Deprivation doubles cervical cancer risk

The National Cancer Intelligent Network

Women living in the most deprived areas of England are nearly twice as likely to be diagnosed with cervical cancer than their affluent counterparts - according to a report presented by national cancer director Professor Mike Richards at the Britain Against Cancer conference today (Tuesday).

The report, published by the National Cancer Intelligence Network (NCIN), reveals a 'deprivation gap' that researchers believe is mainly fuelled by a lower uptake of cervical screening in deprived areas.

All cases of cancer diagnosed between 1995 and 2004 were included in this nation-wide analysis of the effect of deprivation on cancer incidence, including more than 25,000 cases of cervical cancer.

In the most deprived areas* of England, there were 12 women per 100,000 diagnosed with cervical cancer between 2000 and 2004. In the most affluent areas, only 6 per 100,000 women were diagnosed with the disease during the same time period.

Professor David Forman, NCIN information lead who is based at the University of Leeds, said: "These striking figures show there is still much more that needs to be done to tackle cancer in low-income communities.

"Cervical cancer is a largely preventable disease - the national screening programme will pick up most cases before they even develop into cancer. Our figures suggest that women living in poorer areas are less likely to attend cervical screening than women who are better-off, so they are more likely to develop the disease.

"Higher rates of smoking in most deprived areas and the earlier onset of sexual activity also contribute to the higher rates of cervical cancer."

Currently, women in England aged 25 to 64 are invited for cervical screening every three to five years. In 2006, around 20 per cent of women in England invited for cervical screening did not attend, and previous research** has shown that women in deprived areas are around 40 per cent less likely to attend. Screening can pick up on important changes to cells before cervical cancer develops.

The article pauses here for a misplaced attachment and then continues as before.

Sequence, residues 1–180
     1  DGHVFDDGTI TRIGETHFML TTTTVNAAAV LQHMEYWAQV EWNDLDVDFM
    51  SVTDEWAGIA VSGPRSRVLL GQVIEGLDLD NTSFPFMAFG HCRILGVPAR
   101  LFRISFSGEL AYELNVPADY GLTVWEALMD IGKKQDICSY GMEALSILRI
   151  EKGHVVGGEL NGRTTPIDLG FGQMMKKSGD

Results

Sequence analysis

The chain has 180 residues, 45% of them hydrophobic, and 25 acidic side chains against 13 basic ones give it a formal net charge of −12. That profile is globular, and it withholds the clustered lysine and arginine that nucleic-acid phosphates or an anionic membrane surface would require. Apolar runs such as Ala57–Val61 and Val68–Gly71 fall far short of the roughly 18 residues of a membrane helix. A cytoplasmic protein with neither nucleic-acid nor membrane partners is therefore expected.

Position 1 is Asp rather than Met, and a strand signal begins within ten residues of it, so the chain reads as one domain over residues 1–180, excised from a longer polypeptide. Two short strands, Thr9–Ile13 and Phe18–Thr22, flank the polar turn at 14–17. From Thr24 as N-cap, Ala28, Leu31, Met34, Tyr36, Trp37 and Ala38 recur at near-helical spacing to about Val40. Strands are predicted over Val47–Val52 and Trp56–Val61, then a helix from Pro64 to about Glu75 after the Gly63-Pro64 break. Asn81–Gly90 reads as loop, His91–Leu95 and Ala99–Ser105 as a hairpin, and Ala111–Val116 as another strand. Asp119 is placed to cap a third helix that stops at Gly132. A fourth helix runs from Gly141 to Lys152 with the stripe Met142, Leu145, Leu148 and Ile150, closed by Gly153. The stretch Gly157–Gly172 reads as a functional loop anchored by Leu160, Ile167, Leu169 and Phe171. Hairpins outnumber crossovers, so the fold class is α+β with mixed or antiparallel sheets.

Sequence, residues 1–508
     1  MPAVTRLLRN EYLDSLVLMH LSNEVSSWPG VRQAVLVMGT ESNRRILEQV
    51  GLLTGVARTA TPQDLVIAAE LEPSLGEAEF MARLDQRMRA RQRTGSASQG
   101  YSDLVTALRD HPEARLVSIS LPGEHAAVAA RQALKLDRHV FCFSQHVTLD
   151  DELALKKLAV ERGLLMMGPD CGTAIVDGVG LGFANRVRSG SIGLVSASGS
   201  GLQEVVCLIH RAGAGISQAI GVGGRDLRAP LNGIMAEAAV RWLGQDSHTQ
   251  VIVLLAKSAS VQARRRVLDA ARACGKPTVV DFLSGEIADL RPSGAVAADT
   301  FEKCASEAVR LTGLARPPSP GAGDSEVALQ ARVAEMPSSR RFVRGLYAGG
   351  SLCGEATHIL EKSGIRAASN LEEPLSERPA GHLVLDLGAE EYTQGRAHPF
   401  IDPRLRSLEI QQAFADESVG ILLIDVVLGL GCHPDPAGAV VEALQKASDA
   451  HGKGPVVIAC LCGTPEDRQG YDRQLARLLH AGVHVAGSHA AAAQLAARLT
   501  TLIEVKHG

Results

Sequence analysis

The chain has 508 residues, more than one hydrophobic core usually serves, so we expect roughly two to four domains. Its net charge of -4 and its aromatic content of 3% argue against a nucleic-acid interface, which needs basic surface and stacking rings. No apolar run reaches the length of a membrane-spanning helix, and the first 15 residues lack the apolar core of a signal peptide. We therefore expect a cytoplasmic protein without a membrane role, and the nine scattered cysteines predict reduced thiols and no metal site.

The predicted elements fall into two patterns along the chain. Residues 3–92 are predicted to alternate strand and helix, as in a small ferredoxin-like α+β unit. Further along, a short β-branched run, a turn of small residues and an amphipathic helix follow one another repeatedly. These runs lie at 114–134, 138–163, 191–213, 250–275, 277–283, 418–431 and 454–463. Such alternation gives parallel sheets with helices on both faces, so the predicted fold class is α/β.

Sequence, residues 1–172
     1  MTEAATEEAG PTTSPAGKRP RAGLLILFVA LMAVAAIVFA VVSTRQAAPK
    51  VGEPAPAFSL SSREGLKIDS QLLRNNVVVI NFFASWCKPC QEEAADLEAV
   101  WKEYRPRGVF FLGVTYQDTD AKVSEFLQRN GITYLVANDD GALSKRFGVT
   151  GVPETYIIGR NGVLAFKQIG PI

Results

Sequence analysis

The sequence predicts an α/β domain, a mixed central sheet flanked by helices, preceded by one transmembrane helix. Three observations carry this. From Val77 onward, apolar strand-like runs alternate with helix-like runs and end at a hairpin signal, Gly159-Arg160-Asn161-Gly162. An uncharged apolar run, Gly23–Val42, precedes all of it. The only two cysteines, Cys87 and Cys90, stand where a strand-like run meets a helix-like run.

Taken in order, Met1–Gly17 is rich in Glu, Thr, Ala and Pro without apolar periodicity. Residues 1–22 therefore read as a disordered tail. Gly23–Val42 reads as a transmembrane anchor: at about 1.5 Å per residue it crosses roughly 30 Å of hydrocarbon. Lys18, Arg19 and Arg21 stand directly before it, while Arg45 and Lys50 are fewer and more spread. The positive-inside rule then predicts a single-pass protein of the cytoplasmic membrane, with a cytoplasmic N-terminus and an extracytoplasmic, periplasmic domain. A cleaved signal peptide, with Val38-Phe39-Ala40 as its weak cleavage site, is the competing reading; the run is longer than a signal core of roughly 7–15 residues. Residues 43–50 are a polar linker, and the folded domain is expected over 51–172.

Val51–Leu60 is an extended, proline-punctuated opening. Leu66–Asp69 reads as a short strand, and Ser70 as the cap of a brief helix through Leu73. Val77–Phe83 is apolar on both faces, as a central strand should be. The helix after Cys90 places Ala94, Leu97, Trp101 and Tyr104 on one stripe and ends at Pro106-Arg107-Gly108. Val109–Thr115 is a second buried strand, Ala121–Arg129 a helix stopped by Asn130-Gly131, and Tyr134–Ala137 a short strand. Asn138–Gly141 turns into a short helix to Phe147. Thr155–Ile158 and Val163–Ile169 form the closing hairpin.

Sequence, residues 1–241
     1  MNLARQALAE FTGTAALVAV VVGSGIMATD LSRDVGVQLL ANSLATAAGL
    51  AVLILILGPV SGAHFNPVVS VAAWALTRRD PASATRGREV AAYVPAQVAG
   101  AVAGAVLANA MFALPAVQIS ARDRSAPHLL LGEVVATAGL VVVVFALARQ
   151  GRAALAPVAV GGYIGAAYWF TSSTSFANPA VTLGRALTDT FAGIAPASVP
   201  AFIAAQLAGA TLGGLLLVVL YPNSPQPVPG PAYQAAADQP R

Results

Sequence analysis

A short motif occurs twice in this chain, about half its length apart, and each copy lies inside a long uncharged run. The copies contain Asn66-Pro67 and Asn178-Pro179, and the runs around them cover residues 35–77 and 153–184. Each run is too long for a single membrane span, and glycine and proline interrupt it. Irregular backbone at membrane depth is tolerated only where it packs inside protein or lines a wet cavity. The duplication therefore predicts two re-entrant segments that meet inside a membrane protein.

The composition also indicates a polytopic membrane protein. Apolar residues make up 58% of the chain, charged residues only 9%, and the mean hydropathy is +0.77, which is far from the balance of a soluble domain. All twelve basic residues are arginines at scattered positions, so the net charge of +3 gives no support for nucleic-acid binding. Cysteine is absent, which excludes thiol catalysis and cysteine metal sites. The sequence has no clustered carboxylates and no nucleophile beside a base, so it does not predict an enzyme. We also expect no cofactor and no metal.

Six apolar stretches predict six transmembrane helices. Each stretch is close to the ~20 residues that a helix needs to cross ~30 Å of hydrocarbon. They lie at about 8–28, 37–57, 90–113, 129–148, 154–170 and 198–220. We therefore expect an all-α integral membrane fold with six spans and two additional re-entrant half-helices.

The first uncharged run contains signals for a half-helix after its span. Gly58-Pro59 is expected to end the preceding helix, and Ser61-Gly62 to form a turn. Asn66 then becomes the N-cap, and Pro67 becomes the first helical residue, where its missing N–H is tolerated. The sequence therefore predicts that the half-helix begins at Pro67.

Sara Hiom, director of health information at Cancer Research UK, said: "It's extremely worrying that your income and where you live can have such a significant effect on your risk of cancer. It's clear that much more needs to be done to encourage women from low-income communities to attend cervical screening."

Women living in deprived areas were 129 per cent more likely to be diagnosed with cervical cancer between 1995 and 1999. This figure was 106 per cent between 2000 and 2004. Although this drop is not statistically significant, doctors hope this downwards turn will continue.

Professor Mike Richards, who will present the report on behalf of the NCIN, said: "Reducing inequalities in cancer incidence and uptake of cancer services is a key aim set out in the Cancer Reform Strategy. Collecting and understanding data like this is a crucial first step in achieving this goal. The NHS Cancer Screening Programme is working with the Improvement Foundation, to improve the uptake of cervical screening in poor areas through targeted pilot programmes. The lessons learnt from this work due in 2009, will be shared with Strategic Health Authorities and local screening programmes to develop best practice."